12 Days of Christmas Films – Day 1: How The Grinch Stole Christmas (1966)

‘You’re a monster, Mr. Grinch. Your heart’s an empty hole. Your brain is full of spiders, you have garlic in your soul…’

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Most people of my stupid, lazy generation have seen the Jim Carrey¬†Grinch movie. Mostly because we have got nothing better to do with our time. But the original Warner Brothers cartoon inspired by Dr. Seuss’ book has perhaps fallen a little out of fashion. And that’s a shame because it is aces…

First off, the Grinch is narrated beautifully by Boris Karloff, who is best known as playing Frankenstein’s monster in various bolt-necked, horror classics. Secondly, the Grinch’s theme song, which is basically just an ode to how much of a smelly prick he is, is sang by Thurl Ravenscroft, otherwise known as the voice of famous cereal salesman Tony the Tiger. Ggggggrrrrrrrrrrrrreeeattt!

How the Grinch Stole Christmas is an interesting one because the Grinch himself is actually quite justified in his actions. He dresses up as Santa, with the help of his dog, and steals all the Christmas stuff from local village Whoville as revenge for the fact that they gallivant around the place playing outlandish musical instruments really loudly and just generally pissing the Grinch off. He asks them to knock it off and they don’t so the Grinch acts accordingly. He is nothing if not fair.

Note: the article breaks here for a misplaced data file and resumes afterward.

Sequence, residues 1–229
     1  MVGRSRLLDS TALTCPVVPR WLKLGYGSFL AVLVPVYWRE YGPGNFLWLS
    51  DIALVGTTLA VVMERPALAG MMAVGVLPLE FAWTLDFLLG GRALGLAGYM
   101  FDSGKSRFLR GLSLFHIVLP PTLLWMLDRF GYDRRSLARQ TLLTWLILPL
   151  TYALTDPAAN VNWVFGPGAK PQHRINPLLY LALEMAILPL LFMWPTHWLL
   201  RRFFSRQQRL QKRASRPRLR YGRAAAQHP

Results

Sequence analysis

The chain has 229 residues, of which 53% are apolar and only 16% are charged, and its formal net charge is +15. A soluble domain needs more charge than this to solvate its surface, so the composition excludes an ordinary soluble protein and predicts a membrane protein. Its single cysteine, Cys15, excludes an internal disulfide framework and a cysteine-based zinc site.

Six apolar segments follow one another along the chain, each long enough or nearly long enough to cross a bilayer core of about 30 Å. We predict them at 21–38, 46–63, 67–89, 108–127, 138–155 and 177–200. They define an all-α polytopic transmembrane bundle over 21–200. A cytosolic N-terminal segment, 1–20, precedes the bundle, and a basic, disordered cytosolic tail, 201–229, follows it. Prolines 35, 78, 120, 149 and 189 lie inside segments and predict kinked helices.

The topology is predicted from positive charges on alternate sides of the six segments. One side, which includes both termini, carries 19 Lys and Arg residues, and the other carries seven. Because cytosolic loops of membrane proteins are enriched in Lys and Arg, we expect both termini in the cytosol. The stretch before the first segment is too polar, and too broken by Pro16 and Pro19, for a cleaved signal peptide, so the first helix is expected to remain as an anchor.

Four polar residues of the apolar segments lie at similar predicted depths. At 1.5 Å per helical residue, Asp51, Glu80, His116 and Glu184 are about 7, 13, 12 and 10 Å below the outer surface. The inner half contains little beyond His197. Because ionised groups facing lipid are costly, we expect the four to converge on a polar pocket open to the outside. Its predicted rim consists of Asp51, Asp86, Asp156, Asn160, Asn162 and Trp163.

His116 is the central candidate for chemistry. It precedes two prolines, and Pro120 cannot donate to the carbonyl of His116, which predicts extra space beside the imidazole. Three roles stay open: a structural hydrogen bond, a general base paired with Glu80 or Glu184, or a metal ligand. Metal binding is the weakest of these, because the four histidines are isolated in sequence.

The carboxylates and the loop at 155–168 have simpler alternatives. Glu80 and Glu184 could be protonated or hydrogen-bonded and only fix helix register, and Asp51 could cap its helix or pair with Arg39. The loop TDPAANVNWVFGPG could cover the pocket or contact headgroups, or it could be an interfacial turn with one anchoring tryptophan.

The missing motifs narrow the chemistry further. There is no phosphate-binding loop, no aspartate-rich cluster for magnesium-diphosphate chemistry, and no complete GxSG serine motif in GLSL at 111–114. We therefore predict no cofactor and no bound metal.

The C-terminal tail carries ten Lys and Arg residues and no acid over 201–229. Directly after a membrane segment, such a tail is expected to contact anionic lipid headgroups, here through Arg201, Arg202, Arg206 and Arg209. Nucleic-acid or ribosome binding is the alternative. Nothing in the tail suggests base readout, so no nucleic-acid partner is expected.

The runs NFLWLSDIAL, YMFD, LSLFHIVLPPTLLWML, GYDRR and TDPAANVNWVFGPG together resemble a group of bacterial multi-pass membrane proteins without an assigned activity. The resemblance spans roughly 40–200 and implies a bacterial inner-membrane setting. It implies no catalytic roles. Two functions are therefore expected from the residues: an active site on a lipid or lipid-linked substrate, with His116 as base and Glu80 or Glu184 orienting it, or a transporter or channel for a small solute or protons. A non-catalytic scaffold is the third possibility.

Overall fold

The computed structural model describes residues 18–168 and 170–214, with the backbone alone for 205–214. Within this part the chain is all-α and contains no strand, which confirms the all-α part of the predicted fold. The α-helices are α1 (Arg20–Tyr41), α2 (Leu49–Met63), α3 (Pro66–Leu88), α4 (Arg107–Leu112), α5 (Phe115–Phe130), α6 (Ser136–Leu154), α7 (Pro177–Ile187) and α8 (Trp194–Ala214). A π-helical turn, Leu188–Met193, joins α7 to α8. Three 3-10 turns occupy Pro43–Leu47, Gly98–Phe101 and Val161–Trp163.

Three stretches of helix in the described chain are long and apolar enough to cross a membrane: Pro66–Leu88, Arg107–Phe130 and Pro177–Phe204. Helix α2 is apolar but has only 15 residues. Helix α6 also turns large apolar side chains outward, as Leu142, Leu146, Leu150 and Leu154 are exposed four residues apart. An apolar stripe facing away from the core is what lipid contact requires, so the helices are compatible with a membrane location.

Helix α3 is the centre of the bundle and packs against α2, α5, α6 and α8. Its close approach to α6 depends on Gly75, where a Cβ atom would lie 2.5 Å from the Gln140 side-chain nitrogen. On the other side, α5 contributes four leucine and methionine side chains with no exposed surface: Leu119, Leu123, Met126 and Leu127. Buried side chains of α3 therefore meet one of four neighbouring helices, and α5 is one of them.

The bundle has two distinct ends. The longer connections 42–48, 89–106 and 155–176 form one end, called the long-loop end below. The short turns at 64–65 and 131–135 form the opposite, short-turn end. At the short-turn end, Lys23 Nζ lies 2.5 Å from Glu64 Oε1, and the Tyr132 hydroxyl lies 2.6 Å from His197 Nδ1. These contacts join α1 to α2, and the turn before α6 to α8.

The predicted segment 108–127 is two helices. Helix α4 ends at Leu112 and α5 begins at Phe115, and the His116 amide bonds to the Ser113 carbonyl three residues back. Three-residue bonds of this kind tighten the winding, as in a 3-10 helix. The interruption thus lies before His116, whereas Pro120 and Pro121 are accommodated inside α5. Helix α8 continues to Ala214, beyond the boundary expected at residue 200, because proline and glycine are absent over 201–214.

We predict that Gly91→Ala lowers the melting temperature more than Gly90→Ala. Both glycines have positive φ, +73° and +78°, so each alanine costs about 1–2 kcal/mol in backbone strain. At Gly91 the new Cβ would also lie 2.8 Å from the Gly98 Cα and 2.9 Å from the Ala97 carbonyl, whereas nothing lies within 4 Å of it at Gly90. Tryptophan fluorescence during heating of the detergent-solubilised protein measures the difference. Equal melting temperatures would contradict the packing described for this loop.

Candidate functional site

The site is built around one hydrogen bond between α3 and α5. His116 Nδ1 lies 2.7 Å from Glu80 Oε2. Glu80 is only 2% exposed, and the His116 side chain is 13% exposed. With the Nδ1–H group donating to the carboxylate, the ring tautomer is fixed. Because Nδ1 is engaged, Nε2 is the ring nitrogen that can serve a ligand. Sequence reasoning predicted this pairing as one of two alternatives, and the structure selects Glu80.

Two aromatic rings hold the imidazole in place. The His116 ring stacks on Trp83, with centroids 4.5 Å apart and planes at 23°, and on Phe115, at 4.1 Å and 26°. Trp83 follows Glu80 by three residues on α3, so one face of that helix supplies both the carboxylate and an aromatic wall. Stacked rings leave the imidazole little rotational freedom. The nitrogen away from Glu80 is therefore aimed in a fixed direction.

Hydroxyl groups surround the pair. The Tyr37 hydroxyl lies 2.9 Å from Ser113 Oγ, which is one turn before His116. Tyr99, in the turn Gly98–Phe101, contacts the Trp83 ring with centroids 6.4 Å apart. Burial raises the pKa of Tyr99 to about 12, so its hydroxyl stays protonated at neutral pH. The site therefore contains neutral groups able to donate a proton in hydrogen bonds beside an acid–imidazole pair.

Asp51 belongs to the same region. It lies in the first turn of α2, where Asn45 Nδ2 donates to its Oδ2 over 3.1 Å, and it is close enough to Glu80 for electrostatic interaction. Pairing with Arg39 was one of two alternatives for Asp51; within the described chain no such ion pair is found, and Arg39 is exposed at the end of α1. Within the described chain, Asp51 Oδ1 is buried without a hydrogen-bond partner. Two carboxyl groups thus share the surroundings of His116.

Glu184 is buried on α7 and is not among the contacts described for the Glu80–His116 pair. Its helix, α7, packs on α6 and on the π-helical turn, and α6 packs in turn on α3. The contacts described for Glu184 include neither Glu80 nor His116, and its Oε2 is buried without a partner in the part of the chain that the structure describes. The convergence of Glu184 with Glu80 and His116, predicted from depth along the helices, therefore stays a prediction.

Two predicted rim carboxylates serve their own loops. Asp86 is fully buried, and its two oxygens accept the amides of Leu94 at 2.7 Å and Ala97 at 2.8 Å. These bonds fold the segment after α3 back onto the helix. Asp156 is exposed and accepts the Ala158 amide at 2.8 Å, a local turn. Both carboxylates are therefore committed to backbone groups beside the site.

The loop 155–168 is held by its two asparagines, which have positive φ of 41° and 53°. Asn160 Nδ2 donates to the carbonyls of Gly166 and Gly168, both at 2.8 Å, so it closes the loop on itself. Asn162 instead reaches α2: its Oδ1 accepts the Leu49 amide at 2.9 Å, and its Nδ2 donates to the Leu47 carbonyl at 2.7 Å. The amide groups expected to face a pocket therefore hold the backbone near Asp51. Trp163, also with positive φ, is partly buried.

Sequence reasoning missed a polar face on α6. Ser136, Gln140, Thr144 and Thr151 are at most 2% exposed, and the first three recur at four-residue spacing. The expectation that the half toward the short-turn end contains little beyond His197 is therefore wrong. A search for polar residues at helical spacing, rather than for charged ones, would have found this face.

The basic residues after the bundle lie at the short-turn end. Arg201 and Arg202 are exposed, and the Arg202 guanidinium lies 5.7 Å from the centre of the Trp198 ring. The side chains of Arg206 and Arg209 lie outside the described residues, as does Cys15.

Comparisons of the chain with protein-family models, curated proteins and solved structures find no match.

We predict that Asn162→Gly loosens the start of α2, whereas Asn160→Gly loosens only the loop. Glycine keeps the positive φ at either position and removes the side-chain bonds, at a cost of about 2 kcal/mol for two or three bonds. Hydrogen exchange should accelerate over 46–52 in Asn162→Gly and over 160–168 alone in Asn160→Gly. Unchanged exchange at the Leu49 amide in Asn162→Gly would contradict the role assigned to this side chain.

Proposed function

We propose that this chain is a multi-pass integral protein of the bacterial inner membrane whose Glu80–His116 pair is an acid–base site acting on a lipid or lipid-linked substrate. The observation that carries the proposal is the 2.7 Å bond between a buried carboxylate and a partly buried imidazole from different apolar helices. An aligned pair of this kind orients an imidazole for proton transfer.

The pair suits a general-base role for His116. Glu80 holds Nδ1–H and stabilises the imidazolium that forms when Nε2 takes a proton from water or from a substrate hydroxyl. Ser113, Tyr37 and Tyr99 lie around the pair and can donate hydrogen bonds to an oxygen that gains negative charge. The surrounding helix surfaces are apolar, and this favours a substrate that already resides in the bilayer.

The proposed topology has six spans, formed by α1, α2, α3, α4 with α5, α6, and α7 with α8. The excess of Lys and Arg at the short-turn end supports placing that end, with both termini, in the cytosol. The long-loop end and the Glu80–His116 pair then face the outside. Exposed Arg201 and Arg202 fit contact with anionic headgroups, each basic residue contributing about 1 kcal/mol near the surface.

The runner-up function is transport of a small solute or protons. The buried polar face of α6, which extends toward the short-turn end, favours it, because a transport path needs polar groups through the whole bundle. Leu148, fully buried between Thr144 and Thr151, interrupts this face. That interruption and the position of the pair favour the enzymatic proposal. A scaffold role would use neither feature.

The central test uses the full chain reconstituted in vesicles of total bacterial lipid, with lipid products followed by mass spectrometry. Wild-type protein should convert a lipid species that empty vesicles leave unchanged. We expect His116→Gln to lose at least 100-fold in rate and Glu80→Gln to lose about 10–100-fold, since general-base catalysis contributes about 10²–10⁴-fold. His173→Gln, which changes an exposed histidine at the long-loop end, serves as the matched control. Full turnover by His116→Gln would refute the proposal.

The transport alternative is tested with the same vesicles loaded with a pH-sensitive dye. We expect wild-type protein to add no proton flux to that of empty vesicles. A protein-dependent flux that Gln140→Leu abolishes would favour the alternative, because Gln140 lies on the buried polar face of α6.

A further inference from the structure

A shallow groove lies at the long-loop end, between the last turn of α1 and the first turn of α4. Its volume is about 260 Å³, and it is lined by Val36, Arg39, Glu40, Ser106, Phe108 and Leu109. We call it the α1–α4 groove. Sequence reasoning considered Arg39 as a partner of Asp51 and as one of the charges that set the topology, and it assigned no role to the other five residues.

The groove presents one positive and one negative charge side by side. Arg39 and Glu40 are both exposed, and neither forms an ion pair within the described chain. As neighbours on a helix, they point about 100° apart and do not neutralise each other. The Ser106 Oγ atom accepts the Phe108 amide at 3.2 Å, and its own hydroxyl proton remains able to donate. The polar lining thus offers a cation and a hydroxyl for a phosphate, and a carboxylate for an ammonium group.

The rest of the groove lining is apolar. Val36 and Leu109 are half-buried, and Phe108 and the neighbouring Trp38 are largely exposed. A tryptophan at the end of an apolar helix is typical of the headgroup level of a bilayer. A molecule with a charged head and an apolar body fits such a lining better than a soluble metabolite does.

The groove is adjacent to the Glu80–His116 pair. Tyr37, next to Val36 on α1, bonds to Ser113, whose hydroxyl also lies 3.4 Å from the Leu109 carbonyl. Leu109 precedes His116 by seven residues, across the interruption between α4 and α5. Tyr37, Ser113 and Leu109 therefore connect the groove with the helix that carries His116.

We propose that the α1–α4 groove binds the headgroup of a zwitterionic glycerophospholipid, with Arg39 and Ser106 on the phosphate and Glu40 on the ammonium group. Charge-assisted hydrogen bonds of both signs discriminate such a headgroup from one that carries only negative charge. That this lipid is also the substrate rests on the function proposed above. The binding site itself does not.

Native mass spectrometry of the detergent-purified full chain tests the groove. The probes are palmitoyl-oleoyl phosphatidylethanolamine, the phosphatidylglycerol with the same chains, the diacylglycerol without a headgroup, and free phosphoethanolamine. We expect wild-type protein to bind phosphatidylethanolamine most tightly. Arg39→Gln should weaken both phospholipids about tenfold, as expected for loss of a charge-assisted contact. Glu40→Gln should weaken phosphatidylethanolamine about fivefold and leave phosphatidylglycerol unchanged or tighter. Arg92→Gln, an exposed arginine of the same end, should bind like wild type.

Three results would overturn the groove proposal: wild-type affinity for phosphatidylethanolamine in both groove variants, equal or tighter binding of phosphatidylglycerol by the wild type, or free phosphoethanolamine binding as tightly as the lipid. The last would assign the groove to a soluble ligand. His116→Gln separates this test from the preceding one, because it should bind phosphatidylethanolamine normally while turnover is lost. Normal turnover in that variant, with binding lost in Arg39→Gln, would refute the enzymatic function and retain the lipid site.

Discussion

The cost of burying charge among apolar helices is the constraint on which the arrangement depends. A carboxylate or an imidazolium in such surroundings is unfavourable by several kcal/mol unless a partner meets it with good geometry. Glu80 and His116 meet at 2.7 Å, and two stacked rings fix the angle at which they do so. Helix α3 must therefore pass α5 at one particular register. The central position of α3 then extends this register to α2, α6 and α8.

At one point the Grinch encounters a two-year-old child and instead of seeing the error of his ways, he makes up some bullshit story to her and then sends her off to bed. The Ghost of Christmas Past wouldn’t have scared the Grinch, I tell you that now.

Unfortunately, his resolve is eventually crumbled by the realisation that you don’t need material things to enjoy Christmas. Something that we all know is total bullshit. If I don’t wake up to a four pack of Guinness and a cheese board this Christmas, there will be no festive cheer in the Johnson household.

How the Grinch Stole Christmas is perfect yuletide viewing because it is less than half an hour long, it has inspired loads of other stuff that came after it and it showcases what was a bit of a golden age for Warner Bros. animation. If you are serious about Christmas films, you should get this one checked off your list.